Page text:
A team of researchers from Stanford University has achieved, thanks to the support of Artificial Intelligence, break the Guinness World Record for DNA sequencing. For this he has used a technique that uses Artificial Intelligence to accelerate the speed of the workload associated with DNA sequencing.
This research, which has led by Euan Ashley Professor of Medicine, Genetics and Biomedical Data Science, has been developed at the Stanford University School of Medicine. To carry it out, the team has had the collaboration of Nvidia, Oxford Nanopore Technologies, Google, Baylor College of Medicine, and the University of California. Thanks to it, DNA sequencing has been reduced to five hours and two minutes.
The study, published in the New England Journal of Medicine, notes that the process involves accelerating each step of the genome sequencing workflow using new technology. This included the use of nanopore sequencing on the PromethION Flow Cell at Nanopore in Oxford, with which they have managed to generate over 1090 gigabases of data per hour, and the use of Nvidia GPUs in Google Cloud to speed up the base and variant call processes.
The researchers also relied on the Clara Parabricks computational genomics application environment from Nvidia, to speed up genome diagnosis. And to build the study, the team tested the accelerated genome sequencing technique on undiagnosed patients admitted to ICUs at Stanford hospitals. A total of 12 patients decided to participate in the study and have their genomes sequenced. Of all of them, five received a quick response with their genetic diagnosis. In one of the cases, the one that has allowed to establish the record, the sequencing only took five hours and two minutes, as we have mentioned.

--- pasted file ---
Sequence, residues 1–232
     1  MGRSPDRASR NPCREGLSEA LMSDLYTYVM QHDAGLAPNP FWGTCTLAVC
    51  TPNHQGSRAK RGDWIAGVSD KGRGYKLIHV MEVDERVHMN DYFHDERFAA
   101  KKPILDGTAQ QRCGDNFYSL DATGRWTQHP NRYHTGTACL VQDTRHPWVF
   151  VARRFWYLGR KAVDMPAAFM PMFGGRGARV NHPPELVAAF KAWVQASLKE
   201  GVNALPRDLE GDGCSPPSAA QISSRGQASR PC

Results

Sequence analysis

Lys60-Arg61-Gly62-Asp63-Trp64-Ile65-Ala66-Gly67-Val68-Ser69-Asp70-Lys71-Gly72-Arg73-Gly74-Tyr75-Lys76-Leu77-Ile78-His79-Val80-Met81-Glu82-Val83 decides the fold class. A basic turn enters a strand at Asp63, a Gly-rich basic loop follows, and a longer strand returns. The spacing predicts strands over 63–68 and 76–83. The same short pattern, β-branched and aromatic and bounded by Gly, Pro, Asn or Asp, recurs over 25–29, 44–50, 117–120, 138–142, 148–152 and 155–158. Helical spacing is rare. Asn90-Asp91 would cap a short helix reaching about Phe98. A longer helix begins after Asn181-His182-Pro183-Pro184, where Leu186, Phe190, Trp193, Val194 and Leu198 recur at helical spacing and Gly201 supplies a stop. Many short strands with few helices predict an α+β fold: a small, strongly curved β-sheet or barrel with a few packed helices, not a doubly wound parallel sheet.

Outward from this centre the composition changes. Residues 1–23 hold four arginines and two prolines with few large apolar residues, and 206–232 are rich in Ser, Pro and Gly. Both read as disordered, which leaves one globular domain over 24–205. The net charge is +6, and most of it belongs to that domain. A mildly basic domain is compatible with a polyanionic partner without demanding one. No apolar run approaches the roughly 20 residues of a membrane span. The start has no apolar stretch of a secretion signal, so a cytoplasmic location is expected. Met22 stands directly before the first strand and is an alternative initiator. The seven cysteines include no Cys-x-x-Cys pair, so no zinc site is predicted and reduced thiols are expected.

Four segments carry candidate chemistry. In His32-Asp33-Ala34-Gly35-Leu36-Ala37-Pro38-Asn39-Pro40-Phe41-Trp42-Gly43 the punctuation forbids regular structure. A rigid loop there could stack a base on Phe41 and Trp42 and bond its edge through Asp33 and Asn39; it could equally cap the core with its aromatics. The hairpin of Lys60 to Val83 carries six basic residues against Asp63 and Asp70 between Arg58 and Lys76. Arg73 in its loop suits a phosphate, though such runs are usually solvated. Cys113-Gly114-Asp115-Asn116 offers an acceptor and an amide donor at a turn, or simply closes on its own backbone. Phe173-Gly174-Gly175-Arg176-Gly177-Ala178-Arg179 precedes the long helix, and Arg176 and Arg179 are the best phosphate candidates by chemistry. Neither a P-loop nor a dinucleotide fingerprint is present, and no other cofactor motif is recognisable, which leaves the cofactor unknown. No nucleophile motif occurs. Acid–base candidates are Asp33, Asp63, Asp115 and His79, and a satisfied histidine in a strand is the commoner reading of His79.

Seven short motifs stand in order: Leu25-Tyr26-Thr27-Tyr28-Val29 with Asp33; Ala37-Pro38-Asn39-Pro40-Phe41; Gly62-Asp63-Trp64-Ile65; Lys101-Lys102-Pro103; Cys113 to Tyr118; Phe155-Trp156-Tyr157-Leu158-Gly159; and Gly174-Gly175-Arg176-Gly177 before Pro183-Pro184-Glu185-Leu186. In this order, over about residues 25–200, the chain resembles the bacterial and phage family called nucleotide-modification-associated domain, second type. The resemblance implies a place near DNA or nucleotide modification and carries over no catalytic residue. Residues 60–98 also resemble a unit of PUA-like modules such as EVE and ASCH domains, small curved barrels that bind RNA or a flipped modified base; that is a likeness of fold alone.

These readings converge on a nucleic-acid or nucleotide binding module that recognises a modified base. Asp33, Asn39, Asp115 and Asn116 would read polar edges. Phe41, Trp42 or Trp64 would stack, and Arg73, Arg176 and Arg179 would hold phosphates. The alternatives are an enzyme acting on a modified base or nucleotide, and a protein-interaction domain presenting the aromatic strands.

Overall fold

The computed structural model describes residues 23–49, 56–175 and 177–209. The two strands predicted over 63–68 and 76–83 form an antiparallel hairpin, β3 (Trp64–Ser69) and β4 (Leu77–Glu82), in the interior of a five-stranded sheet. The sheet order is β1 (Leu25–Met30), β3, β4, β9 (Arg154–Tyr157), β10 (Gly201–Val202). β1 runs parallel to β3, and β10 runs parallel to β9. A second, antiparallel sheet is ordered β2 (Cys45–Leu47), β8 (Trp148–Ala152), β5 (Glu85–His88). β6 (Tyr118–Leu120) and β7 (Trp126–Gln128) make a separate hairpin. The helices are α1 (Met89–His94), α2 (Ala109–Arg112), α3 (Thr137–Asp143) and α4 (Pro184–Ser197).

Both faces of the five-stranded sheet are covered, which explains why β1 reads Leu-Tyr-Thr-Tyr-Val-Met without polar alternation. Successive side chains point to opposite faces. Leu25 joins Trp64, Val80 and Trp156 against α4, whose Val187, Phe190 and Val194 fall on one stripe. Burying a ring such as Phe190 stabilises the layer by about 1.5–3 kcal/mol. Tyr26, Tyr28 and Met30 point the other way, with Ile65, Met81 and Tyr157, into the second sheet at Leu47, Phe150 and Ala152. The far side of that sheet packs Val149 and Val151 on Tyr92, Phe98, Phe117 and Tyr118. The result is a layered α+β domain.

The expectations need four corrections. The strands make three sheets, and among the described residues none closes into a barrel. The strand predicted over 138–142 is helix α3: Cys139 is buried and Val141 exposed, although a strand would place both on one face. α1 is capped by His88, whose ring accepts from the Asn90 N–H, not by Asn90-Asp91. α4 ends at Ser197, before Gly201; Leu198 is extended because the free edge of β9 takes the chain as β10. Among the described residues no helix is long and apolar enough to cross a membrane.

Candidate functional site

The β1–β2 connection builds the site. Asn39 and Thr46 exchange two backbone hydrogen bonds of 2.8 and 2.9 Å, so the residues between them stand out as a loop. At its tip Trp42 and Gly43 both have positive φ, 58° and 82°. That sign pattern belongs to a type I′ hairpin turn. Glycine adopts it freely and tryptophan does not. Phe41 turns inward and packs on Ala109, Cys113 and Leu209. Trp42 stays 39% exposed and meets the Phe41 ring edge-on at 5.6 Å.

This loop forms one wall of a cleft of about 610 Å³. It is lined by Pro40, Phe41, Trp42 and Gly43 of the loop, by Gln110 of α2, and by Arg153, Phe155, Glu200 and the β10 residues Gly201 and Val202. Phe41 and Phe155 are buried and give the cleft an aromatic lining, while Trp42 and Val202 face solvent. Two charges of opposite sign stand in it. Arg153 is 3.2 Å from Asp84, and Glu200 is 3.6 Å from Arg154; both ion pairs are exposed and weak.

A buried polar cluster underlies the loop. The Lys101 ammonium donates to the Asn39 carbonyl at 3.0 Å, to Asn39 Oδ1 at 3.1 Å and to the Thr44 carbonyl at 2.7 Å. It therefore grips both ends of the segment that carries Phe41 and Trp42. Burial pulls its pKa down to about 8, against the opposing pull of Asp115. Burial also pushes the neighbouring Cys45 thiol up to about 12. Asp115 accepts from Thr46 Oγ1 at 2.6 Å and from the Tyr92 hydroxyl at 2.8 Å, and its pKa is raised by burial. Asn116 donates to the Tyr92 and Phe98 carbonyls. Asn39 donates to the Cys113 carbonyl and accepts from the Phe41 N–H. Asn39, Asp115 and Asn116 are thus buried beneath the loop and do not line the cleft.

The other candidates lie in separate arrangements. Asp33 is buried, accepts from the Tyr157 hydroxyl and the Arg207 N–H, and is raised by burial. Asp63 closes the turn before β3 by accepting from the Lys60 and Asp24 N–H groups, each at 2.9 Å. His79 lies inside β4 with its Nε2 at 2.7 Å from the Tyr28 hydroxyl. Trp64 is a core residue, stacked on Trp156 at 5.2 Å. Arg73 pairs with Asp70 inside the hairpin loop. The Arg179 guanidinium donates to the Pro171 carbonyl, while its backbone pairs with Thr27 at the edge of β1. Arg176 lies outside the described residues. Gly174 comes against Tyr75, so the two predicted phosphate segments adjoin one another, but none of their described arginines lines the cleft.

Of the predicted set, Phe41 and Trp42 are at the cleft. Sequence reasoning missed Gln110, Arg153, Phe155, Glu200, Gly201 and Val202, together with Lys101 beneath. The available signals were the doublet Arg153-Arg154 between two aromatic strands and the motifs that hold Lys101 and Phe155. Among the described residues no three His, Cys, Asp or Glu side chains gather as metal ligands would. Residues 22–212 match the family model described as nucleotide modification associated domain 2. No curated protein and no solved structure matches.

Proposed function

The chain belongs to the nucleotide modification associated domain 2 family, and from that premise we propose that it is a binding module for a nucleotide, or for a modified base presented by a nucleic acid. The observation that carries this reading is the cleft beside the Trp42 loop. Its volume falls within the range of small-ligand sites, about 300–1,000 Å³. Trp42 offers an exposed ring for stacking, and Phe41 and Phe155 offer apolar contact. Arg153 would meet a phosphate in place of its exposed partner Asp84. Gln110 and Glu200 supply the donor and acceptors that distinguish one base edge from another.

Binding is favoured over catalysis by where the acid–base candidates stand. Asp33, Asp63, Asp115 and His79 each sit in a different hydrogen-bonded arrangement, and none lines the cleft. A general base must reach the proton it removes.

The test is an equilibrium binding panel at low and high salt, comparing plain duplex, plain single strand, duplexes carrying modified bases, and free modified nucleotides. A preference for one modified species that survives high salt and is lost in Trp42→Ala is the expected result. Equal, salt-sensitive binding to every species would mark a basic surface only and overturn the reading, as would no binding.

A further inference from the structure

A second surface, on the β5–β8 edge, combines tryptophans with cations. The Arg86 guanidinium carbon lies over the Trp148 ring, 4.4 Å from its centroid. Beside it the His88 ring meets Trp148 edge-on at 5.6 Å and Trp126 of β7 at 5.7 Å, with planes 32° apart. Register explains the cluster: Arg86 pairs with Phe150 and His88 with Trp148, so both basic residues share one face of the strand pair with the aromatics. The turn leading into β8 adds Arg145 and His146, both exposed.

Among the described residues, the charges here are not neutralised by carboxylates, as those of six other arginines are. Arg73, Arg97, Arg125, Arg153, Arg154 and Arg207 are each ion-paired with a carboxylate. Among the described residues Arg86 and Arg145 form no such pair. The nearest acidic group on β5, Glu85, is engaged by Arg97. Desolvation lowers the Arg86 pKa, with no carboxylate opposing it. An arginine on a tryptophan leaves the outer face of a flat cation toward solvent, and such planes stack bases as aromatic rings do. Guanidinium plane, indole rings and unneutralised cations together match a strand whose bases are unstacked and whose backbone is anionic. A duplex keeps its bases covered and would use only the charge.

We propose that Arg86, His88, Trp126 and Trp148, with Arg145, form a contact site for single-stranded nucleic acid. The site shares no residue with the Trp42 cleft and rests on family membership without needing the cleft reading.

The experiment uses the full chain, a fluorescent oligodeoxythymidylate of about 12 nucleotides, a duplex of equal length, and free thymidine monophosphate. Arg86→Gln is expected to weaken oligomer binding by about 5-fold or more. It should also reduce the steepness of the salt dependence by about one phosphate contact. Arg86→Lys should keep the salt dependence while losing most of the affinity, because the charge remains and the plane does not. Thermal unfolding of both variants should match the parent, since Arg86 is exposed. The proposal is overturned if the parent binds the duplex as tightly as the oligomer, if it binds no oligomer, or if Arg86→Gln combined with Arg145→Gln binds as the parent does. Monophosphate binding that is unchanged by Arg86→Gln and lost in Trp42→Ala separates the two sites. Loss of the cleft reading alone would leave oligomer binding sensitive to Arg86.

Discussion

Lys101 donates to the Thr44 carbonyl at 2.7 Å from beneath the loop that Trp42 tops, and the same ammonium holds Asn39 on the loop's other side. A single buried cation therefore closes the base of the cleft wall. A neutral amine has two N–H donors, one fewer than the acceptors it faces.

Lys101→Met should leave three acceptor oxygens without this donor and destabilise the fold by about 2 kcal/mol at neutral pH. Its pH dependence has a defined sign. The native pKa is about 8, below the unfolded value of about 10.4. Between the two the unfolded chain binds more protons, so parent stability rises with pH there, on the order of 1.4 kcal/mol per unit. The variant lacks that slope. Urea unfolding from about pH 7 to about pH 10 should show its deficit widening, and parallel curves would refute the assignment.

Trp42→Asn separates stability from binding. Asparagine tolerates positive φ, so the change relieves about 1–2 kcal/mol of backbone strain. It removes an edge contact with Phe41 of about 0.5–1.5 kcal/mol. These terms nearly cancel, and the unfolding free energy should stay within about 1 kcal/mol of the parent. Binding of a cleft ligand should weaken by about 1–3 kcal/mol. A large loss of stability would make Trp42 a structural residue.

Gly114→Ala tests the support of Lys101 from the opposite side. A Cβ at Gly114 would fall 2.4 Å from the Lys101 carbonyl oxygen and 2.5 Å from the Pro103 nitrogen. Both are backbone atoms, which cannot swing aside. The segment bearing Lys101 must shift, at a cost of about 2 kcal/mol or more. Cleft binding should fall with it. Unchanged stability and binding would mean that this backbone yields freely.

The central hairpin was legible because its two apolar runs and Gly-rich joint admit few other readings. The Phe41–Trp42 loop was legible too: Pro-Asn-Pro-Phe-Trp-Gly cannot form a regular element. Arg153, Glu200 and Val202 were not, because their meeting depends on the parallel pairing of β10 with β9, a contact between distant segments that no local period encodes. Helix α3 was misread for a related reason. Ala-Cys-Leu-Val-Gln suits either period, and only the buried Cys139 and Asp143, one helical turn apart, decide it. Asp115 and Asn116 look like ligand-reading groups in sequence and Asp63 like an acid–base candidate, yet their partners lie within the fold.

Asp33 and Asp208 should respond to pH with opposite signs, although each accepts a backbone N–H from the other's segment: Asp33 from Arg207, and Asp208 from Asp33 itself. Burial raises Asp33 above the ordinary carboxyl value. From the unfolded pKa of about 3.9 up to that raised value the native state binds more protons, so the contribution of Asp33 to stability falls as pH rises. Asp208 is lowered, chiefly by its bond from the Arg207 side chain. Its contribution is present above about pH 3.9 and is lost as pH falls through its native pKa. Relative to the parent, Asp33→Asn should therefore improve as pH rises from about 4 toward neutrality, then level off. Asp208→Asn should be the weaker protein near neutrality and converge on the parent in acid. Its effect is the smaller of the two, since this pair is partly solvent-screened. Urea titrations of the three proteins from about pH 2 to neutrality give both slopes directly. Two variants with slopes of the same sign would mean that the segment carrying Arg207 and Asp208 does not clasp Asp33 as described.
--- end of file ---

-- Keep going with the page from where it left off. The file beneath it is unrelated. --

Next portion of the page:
The researchers believe that reducing DNA sequencing time will lead to doctors being able to diagnose patients and offer them personalized treatments more quickly. To give us an idea of how this new record will speed up diagnoses and treatments, the previous record in DNA sequencing, held by the Rady Children’s Institute, was 14 hours. But the team that has achieved it is already investigating to reduce the time invested in sequencing even more, since they believe they can leave it in half.
According to Ashley, “if we are able to do that, we talk about being able to get an answer before finishing the round of medical visits in a hospital ward. It’s a tremendous jump«. But it will not be without effort, since in order to achieve this milestone they have had to “rethink and renew our data flows and storage systems«. But for Ahsley”It was one of those wonderful moments when the right people suddenly come together to achieve something wonderful. We feel like we’re reaching a new frontier«.
Photo: Steve Fisch, Stanford University.